October 2022


How lockdowns rekindled our need to sing together

By Cate Kennedy
From impromptu balcony choruses to online choirs, we found our voices during the pandemic

Two news stories loomed large for me over the months of the COVID lockdowns, connected by the invisible sticky threads of metaphor.

The first was the reportage about the Australian regent honeyeater, a native bird whose population is teetering on extinction. There are only about 350 regent honeyeaters left in the wild, and, according to scientists, as they dwindle in numbers and lose habitat, they are forgetting the special songs that would help them attract mates. So birds bred in captivity are played recordings of the right mating calls and are then released, in the hope they will attract females in the terrifyingly small wild population that remains and keep the species alive.

This ongoing story of birds needing concerted human intervention to relearn their songs led me to my second fascination. Stuck at home, seized, I watched clips from around the world proliferate, as the months passed, of people singing and dancing. The idea seemed to spread like its own contagion via social media: from people singing on balconies in Italy, keeping up the spirits of their neighbours in the early months in 2020, to health workers in PPE singing and doing lighthearted dance routines in hospital emergency rooms everywhere.

While it was easy to find weird connections between things during the fog of lockdowns, the news of so many people determined to keep singing, even virtually if they couldn’t take it to their balconies, windows and rooftops, resonated to me with a similar, practically biological urgency as the story of the dwindling, captive songless honeyeaters.

It came as little surprise to learn that researchers had been looking into this phenomenon. I took a deep dive into what they were observing – because, let’s face it, what else am I going to do after months of lockdown? I was gratified to find that even Charles Darwin had drawn a similar parallel. Unable to find any obvious adaptive advantage for our fascination with music, he speculated that human courtship songs may work to signal attractive and evolutionary adaptive traits to potential partners.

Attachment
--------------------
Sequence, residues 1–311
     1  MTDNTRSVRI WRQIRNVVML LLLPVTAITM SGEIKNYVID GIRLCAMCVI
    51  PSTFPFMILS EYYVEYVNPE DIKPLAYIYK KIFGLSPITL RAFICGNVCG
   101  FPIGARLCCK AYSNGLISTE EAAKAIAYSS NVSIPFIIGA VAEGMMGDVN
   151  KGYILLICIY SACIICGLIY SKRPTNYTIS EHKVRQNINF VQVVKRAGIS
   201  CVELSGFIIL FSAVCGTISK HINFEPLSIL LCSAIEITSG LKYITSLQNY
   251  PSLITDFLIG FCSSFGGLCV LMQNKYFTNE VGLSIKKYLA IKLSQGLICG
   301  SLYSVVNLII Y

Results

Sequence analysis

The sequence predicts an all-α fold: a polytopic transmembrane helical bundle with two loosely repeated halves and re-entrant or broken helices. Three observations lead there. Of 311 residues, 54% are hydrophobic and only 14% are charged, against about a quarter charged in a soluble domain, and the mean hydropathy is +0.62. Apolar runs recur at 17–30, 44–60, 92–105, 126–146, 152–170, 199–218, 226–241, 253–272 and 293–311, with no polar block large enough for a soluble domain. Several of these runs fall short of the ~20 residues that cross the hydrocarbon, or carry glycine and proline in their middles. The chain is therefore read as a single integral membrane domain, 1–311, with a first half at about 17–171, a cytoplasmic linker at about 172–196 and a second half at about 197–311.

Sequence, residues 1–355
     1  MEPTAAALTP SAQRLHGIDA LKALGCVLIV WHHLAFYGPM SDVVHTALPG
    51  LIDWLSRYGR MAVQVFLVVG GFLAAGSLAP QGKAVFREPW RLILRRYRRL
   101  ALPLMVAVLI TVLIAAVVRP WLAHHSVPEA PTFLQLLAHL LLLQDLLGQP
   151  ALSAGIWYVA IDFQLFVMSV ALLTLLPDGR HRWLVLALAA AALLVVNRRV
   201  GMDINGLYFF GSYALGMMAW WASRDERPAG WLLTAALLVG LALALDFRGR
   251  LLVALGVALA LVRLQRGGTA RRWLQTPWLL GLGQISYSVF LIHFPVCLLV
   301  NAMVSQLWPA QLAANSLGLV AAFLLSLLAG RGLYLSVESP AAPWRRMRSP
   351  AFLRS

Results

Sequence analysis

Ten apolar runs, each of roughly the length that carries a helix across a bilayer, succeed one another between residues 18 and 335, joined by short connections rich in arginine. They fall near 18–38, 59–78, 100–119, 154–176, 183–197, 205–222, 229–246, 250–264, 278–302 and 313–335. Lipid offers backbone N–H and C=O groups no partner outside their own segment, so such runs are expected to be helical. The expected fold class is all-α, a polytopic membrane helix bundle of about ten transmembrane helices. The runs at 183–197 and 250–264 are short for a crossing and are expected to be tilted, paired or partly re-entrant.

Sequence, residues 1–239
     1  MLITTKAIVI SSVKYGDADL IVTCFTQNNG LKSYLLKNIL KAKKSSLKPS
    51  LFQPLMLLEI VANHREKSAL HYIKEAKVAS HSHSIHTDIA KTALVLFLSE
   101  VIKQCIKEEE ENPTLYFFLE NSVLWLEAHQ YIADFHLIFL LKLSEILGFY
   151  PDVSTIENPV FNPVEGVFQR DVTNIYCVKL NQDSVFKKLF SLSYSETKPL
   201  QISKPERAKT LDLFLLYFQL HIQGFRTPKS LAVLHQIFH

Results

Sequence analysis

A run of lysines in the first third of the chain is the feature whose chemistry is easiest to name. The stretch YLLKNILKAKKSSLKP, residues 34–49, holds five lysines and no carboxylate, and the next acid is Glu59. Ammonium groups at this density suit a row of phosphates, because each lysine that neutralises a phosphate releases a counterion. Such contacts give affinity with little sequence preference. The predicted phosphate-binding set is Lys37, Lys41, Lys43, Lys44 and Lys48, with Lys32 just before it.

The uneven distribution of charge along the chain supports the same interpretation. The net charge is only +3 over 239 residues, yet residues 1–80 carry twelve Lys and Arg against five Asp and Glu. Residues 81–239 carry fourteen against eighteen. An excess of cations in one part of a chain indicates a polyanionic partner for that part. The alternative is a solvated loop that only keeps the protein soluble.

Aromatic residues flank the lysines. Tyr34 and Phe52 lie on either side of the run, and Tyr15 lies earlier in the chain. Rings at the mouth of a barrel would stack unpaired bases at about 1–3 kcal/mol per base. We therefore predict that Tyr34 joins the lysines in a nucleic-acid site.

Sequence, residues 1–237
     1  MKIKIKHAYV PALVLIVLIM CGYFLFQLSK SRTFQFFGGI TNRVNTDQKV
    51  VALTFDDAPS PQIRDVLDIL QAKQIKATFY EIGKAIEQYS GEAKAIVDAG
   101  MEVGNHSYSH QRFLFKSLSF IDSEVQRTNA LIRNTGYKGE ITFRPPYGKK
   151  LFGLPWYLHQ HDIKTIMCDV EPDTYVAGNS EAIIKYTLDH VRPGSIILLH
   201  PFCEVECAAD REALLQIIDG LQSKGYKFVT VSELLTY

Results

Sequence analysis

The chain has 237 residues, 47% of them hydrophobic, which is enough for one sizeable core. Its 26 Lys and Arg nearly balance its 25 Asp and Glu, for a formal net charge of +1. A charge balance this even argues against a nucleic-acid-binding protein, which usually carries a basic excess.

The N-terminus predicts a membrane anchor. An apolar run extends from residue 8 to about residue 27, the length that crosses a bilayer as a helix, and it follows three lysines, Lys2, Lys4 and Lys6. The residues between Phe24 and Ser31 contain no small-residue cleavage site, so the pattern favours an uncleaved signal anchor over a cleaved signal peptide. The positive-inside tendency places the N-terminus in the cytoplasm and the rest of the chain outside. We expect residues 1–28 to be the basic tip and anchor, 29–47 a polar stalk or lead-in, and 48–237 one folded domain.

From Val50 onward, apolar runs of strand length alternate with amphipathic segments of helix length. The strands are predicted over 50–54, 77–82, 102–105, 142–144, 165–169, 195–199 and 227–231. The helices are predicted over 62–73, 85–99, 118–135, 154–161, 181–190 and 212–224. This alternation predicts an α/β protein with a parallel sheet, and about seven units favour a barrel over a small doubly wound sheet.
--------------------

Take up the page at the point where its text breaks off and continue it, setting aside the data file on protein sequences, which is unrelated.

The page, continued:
Most of all, it was the choirs that grabbed my attention. Once it was established that people in close physical proximity raising their voices to sing together created a perfect storm of “superspreader” COVID transmission, I watched the trajectory of dismayed choirs worldwide over lockdown “pivoting” to online singing sessions, hungry to experience the something that was better than the nothing.

There were mega-choirs of strangers brought together by this very activity – more than 1000 health workers in the United Kingdom joined the NHS Chorus-19 online choir, for example, to boost their flagging spirits and connect with others, and in Australia the Pub Choir phenomenon, begun in 2017 and attracting huge numbers of those who like learning a song at the pub with a beer in their hand, became the Couch Choir, with coordinator Astrid Jorgensen and a talented band of producers bringing together 6000 strangers from 45 countries to learn a song and harmonise sweetly together. You can watch them on YouTube singing David Bowie’s “Heroes” and feel your own rush of wonder, particularly at the heroism of the video editor who laboriously put together the thousands of individual files. The Couch Choir rendition of “All These Things That I’ve Done” by The Killers is posted with the exuberant message: “We’ve discovered the antidote to loneliness!” for those languishing indoors, alone.

It’s hard to re-watch these clips now and not be instantly transported back to feeling viscerally the true unalloyed effects of “social isolation” over rolling lockdowns, searching for that very antidote. Over time, in Zoom meetings, I felt my energy ebbing, draining like battery power or a tank of fuel, but watching massed “couch choir” performances – full of people holding their kids or dogs, or dancing round their living rooms and bedrooms, singing for their lives – was like a blast of restorative joy filling from beneath, like a well.

Also, to my surprise, tears. Similar to the ones I cried watching my teenage daughter alone in the loungeroom, carefully and studiously replicating dance moves as she watched her dancing teacher via the laptop.

What works to help us regulate feelings of loneliness, depression and anxiety during the stresses of a pandemic, according to researchers and neuroscientists finding themselves with a massive, real-world dataset to work with during COVID?